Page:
For Carter Rogers, Principal Analyst with Nielsen’s SuperData, the Smart Delivery promise could definitely start shifting the tides in the games business. “If this policy becomes the norm, it is going to be much harder for publishers to justify charging players for next-gen upgrades to existing games,” he told GameDaily. “Remasters of titles like The Last of Us, The Elder Scrolls V: Skyrim and, of course, Grand Theft Auto V were hugely successful this console generation. If public sentiment turns against paid remasters, publishers are going to have to find more creative ways to monetize legacy titles. Potential options range from licensing the games out to subscription.”
According to Piers Harding-Rolls, head of games research at IHS Markit, another important factor for publishers to consider in supporting something like Smart Delivery is how games-as-a-service has transformed the business. When games can live across devices and generations, it would be foolish to throw up barriers to your own audience.
“Backwards compatibility means that users can take their games to the new platform and continue playing them – charging an upgrade fee in this context just wouldn’t fit. Additionally, with many titles being online services, publishers want to keep their audiences together so they can be monetised in an ongoing way – putting any hurdle in the way of keeping that audience engaged doesn’t make commercial sense,” he stressed.
PlayStation fans would undoubtedly be thrilled to see Sony also support a cross-buy approach, but Sony’s strategy around PS5 thus far has been held fairly close to the chest. The console has yet to be officially unveiled, and with Sony skipping PAX East, GDC, and E3, it’s not clear when the curtain will be lifted on PS5. Sony is still riding high on PS4, with 108 million units sold and more than 1 billion software units.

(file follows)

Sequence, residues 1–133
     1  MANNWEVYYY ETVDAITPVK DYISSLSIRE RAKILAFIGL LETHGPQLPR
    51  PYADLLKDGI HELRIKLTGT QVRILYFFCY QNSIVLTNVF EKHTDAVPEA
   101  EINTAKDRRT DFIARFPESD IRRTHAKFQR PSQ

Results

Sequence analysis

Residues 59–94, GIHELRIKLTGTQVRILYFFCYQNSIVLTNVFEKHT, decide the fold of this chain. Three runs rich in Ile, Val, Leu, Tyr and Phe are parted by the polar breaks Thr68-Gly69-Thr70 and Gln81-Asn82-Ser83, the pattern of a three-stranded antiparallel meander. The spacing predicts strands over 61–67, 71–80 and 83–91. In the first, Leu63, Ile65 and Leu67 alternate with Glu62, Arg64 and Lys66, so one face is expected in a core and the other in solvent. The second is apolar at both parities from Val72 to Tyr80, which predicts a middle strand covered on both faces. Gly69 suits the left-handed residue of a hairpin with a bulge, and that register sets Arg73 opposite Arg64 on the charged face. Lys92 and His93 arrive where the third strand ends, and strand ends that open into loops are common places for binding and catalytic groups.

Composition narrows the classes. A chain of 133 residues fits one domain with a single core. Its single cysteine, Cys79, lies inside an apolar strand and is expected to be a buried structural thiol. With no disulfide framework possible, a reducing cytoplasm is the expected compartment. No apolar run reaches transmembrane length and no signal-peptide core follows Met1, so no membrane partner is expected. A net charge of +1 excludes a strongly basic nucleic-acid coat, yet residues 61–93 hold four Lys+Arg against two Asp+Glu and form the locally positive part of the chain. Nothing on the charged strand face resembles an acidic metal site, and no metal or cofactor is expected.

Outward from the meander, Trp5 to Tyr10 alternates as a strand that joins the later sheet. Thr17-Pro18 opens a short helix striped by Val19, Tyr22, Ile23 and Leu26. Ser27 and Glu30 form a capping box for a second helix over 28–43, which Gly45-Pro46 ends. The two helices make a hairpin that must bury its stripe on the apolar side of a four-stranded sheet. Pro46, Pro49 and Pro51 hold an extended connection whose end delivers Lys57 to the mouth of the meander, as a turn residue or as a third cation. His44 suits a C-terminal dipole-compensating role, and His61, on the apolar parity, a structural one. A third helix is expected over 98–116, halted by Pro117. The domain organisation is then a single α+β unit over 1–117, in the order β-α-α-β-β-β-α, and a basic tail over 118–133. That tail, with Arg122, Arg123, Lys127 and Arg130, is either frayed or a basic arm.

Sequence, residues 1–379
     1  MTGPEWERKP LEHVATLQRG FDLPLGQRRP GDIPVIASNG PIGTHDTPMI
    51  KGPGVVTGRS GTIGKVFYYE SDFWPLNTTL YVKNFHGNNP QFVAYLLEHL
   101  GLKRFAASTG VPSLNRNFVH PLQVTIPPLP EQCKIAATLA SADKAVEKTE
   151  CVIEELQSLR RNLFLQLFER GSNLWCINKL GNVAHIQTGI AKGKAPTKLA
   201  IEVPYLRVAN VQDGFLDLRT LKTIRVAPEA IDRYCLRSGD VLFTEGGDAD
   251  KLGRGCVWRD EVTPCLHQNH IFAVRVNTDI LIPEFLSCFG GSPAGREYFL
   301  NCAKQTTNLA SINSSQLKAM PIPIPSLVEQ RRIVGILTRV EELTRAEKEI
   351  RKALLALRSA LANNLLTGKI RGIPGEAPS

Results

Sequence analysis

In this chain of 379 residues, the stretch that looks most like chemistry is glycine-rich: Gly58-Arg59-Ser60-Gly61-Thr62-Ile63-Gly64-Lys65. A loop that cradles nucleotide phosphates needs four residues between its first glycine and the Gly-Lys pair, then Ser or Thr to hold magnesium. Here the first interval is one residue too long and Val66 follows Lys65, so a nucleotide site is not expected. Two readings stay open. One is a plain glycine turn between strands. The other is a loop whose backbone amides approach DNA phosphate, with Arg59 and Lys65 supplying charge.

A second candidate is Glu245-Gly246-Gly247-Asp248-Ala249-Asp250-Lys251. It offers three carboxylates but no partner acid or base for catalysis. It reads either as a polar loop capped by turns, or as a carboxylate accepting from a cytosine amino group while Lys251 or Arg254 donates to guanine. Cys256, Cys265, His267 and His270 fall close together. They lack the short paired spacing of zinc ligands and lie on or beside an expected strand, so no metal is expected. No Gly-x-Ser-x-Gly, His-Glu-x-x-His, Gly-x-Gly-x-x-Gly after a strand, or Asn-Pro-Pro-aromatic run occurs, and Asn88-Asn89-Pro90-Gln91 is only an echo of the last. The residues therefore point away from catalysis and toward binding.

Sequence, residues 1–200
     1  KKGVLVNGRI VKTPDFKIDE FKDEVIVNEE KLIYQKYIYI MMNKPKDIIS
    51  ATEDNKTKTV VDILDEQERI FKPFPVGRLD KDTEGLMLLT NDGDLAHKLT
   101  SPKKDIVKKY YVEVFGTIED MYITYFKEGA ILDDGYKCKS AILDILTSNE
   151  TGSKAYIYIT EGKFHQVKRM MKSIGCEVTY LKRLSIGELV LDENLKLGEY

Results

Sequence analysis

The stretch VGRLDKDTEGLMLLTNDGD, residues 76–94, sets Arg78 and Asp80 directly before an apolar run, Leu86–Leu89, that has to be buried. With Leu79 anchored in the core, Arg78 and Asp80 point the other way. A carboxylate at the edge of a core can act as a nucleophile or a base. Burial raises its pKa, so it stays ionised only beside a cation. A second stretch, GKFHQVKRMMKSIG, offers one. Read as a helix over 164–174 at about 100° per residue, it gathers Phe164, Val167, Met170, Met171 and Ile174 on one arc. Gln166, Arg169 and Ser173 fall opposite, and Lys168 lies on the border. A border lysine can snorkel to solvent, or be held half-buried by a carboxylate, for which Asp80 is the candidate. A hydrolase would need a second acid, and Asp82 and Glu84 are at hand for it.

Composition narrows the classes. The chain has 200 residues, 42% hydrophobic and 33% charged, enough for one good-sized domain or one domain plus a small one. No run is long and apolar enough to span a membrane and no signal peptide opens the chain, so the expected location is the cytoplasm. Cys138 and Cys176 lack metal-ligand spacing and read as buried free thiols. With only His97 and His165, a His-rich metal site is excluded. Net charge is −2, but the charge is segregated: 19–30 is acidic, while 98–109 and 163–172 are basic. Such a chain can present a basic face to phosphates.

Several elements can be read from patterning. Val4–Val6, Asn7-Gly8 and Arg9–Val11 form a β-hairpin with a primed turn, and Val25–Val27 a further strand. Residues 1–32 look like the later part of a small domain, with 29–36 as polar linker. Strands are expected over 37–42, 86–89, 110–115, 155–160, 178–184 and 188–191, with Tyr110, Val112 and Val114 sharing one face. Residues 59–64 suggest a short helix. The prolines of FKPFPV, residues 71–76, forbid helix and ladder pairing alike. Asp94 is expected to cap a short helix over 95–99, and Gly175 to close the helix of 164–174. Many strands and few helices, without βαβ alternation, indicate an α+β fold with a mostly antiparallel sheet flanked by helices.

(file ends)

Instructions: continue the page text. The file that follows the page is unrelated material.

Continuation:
Although hardware sales matter less to Microsoft than ever before as the Xbox business has placed a priority on services like Xbox Live and Xbox Game Pass, the company is still cognizant of the fact that PS4 handily outsold the Xbox One this generation. It shouldn’t be a big surprise that Xbox is looking to get a jump on PlayStation heading into next-gen.
“Microsoft seems to be a lot more aggressive when it comes to disclosing specs and details of their next-gen console. It makes sense, seeing how Sony beat them this gen. Microsoft is the challenger, and their marketing strategy so far reflects it,” Kantan Games analyst Serkan Toto commented to GameDaily.
Regardless of tech specs, content is always going to be the determining factor in any race, and Toto said he was still a bit concerned about Xbox’s internal studio system, even with the company having gone on an acquisition spree to bring on talented studios like Ninja Theory, inXile, Obsidian, and Double Fine. “Series X, Game Pass, or xCloud all sound great, but I am very worried that Microsoft will not be able to close the gap to Sony with regards to first-party software support,” he remarked, adding that titles like Spider-Man, Last Of Us, God Of War, and Death Stranding are “on another level than Hellblade.”
For Rogers, Sony’s reticence about PS5 thus far may be a deliberate plan to keep its base engaged with the current generation. “Sony has more incentives to keep players focused on current consoles for as long as possible. Not only has PlayStation 4 outsold Xbox One, but it has a number of major exclusive games (Final Fantasy VII Remake, The Last of Us Part II and Ghost of Tsushima) slated for this year. Meanwhile, Xbox Game Studios is not releasing any true AAA titles until Halo Infinite,” he noted.